Patients with a depressive diagnosis represent a large share of patients in health care, especially in primary care. GPs are nowadays confronted with an increasing multi morbidity of an aging population and they are under pressure of psychiatric hospitals which seek to integrate their patients in the local community. The organizational format is to attach different professionals to GP practices. A central obstacle in Swedish health care is that clinical services are the responsibility of county council while care for social needs is the responsibility of the local municipalities. Besides, there is no GP gate-keeper system in Sweden. However, a new reform: "choice of care" for citizens has been introduced within primary care where different actors, both public and private, provide services as long as certain quality criteria are met. Today primary care services are therefore provided by a mix of public and private actors which may influence clinical management and sometimes create delays in the health care processes. However, there are also recent organisational incentives to convince primary care, specialist care and social care to create "chains of care" for chronically ill persons and patients with multi morbidity.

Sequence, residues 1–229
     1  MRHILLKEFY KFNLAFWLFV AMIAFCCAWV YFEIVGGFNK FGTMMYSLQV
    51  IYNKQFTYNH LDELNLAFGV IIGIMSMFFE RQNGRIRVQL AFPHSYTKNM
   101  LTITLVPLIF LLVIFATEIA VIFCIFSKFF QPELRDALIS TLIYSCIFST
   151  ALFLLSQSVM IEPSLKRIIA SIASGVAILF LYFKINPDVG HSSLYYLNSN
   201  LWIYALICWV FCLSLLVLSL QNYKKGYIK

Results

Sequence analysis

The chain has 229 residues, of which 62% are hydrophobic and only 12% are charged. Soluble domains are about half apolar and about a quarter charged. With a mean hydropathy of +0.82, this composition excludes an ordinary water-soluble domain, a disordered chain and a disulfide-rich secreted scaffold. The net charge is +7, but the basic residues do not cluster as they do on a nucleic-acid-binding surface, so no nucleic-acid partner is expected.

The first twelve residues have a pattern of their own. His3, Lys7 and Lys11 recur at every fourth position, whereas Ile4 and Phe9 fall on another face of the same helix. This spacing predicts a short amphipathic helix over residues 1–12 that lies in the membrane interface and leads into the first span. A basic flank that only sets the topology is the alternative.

In this study we found that early signs of a depression diagnoses were a high number of physician visits, female gender, age below 60, age above 80 and a low socioeconomic status. The incentives to create chains of care might therefore include and integrate our findings in order to prevent delays in the clinical patient management. Early diagnosis and treatment of patient with depressive disorders would improve the health situation of these patients and may reduce the financial burden of health care providers and taxpayers. The effectiveness of pharmacological treatment of depressive disorders is generally accepted, and most patients who are treated experience a strong improvement in their quality of life and are able to take part in a daily working life.